Jump to content
Ballet Talk for Dancers to close ×
Ballet Talk for Dancers

improving flexibility


Recommended Posts

Hi everyone, I'm new here and I'm hoping that someone can give me some advice/reassurance!


My daughter is just 10, quite small for her age and desperate to follow ballet or dance as a career. She has had some considerable success with auditions and is an associate of a couple of good vocational schools and has been selected to perform with youth dance companies. I believe that her luck is due to the fact that she is good technically and quite cute (can I say that, as her Mum?!) and I am concerned that when it comes to selection for schools next year her turnout and flexibility will let her down. When she lies on her back and does froggies/butterfly her kness are about 3 inches from the floor and she is flat in only one split, again being a few inches away in the others.


As she does work on her flexibility, within the time available and also, I hope, within sensible limits at home, I am concerned that she may have reached the limit of her potential. My question is: how much flexibility/turnout can increase beyond the age of ten and, indeed, how important they are at initial selection for dance schools? I have had conflicting advice from one teacher (who is not experienced with having pupils with such aspiration) and other teachers make themselves scarce as they do not want to be approached by anxious parents!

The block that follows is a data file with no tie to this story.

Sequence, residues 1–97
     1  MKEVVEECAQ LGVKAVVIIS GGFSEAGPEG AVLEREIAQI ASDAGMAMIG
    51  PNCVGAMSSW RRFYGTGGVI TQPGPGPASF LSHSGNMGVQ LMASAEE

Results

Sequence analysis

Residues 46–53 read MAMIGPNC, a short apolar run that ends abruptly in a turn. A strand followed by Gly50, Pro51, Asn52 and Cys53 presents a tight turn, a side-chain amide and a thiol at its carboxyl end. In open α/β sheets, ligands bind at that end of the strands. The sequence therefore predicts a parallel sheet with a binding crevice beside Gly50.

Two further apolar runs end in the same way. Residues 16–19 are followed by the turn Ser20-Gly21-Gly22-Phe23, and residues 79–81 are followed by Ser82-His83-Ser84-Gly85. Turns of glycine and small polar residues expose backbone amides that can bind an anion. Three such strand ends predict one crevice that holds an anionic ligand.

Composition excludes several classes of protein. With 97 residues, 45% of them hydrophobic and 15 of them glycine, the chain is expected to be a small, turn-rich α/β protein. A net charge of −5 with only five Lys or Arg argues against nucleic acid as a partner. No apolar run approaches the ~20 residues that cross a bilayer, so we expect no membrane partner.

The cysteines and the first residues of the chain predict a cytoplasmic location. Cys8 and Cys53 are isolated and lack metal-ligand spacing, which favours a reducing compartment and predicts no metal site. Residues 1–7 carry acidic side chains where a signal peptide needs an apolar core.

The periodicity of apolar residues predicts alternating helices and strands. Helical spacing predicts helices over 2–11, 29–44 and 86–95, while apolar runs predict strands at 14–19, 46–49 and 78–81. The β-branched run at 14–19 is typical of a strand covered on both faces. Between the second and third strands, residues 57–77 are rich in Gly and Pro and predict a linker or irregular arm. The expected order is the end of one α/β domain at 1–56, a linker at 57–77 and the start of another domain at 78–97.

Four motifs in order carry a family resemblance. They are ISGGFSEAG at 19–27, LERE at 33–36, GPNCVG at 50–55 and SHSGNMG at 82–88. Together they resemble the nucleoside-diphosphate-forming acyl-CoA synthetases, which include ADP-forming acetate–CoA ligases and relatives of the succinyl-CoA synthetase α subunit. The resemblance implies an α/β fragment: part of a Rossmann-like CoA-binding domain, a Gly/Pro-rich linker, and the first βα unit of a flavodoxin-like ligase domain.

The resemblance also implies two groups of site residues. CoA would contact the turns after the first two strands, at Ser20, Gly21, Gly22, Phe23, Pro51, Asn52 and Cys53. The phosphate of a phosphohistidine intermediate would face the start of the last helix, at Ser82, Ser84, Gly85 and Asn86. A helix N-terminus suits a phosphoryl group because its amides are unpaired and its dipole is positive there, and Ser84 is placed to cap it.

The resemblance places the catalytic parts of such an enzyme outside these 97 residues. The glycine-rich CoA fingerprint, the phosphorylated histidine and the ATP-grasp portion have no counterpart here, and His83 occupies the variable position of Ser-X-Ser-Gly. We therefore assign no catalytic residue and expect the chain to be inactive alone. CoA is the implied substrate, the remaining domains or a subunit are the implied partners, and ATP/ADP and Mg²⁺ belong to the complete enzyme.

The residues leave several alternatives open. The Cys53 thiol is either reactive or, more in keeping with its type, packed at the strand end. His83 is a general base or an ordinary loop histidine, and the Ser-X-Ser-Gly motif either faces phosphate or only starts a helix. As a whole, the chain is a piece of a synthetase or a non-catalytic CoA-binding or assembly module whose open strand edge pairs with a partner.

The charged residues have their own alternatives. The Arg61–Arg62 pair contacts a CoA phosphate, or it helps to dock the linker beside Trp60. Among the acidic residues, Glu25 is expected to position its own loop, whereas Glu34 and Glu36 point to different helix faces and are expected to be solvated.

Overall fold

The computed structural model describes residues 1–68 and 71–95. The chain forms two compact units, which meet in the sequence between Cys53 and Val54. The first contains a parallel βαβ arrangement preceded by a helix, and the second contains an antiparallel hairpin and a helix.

I do think that after a week of intensive training at summer schools etc, the issues do seem to improve slightly, only to regress when less time is available so hope that being at a school full time would definitley make a difference - but of course, the adjudicators do not know that!


I would really appreciate any thoughts or comments any of you might have, and apologise if this topic has already been covered elsewhere - just point me in the right direction!


Many thanks

Link to comment
  • Administrators

Welcome to Ballet Talk for Dancers, ifnotwhynot :P